WiFi: If a WiFi Network is left unprotected it can allow access to that network without the owner's permission or awareness. Firstly, this can result in lessened bandwidth as these users will require bandwidth for the data they are using. Further it can allow unauthorized users to communicate with other computers on the WiFi network. This can enable hackers, or other unscrupulous users, to attack computers on the network, or in other ways convince these systems to return information the network owner may not wish to have made public. For these reasons it's really a good idea to encrypt a Wi-Fi network in any way possible.
There are easy ways to secure WiFi networks. Firstly, most WiFi routers offer some means of password protection. Many also offer the option of creating networks that are invisible, although such networks are not hard to discover for professionals as, being wireless, these need to send out signals of some kind to other computers so they can communicate, and those need to identify the network. Many routers offer more advanced features as well including firewalls, port filtering, and other options to make the network un-standard enough that it would be difficult for unauthorized users to penetrate.
For password protection WPA, WPA2, and WEP are 3 available options to use. WEP is the oldest wireless security protocol. Because of this it is the easiest to compromise as it is very well-known, and many tools exist to compromise WEP networks. The successor to WEP was WPA, which was intentionally meant as a stop-gap kind of protection, and has since been replaced by the more secure WEP2. For many users the differences between these matter little. At the same time there is never any telling where an intruder may come from, so even in seemingly safe situations it is best to use the most secure options available.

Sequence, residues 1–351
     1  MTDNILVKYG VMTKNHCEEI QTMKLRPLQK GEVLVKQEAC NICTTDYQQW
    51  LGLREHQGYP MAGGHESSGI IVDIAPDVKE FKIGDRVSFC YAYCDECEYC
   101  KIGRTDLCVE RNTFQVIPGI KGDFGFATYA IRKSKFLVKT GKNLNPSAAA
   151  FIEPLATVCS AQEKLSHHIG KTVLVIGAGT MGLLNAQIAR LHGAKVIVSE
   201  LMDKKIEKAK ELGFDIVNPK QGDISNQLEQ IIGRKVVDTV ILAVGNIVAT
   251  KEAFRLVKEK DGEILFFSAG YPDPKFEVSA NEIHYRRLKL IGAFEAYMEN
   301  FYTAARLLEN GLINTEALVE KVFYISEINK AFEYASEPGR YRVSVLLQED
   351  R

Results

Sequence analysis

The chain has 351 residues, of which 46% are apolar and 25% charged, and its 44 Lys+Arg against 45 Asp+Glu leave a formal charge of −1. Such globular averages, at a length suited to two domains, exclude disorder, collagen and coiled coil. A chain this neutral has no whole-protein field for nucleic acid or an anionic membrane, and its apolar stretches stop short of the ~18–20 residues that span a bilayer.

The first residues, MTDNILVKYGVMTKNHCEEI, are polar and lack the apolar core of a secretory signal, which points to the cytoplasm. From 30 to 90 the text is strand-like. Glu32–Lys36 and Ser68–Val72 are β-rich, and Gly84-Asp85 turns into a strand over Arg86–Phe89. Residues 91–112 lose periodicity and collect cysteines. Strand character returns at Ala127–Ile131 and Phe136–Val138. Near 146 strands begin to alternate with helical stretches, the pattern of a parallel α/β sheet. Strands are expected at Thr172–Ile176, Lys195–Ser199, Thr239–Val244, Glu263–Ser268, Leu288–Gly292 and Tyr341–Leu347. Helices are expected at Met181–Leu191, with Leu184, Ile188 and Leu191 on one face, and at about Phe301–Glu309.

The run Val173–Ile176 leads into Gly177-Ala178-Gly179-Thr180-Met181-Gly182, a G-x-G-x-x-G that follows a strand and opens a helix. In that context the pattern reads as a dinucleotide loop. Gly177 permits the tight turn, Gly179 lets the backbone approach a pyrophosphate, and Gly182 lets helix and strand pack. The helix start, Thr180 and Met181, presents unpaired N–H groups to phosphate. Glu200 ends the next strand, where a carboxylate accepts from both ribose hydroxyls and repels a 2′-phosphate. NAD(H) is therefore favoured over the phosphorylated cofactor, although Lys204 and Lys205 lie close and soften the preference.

If your WiFi network has been compromised the first step should be immediate removal of all computers from the network. There is a chance any machine attached to the network may have been compromised as well. For this reason not only should the network password be changed, but also those of the computers on the network. If a password protected network has been compromised then the network password itself may be known, as many available rogue programs will store this. For this reason one should NEVER use a common password for their network password, although in general using a single password for multiple applications should be avoided.
Bluetooth: Bluetooth is a wireless technology for communicating between devices. Cellphones can use bluetooth to communicate with headsets, or send address book information to computers. Keyboards and Mice can use bluetooth to communicate with computers. While this might seem innocuous, compromised bluetooth device could result in the loss of personal information or phone records. A compromised bluetooth keyboard could send all data typed on it to an intruder; giving access to any number of private communications.
Unlike WiFi, where there are multiple options for securing communications, all encryption with bluetooth is handled within the version of bluetooth one is using. Before Bluetooth 2.1 it was possible to opt not to use encryption which would enable easy access to bluetooth communications. Any devices using older protocol versions should be considered very carefully, or upgraded to use 2.1. Another advantage of the 2.1 protocol is that it fixes a problem where the encryption keys could be reused after they expired, meaning hackers could make use of the old key to gain access.
Article last updated March 12, 2012.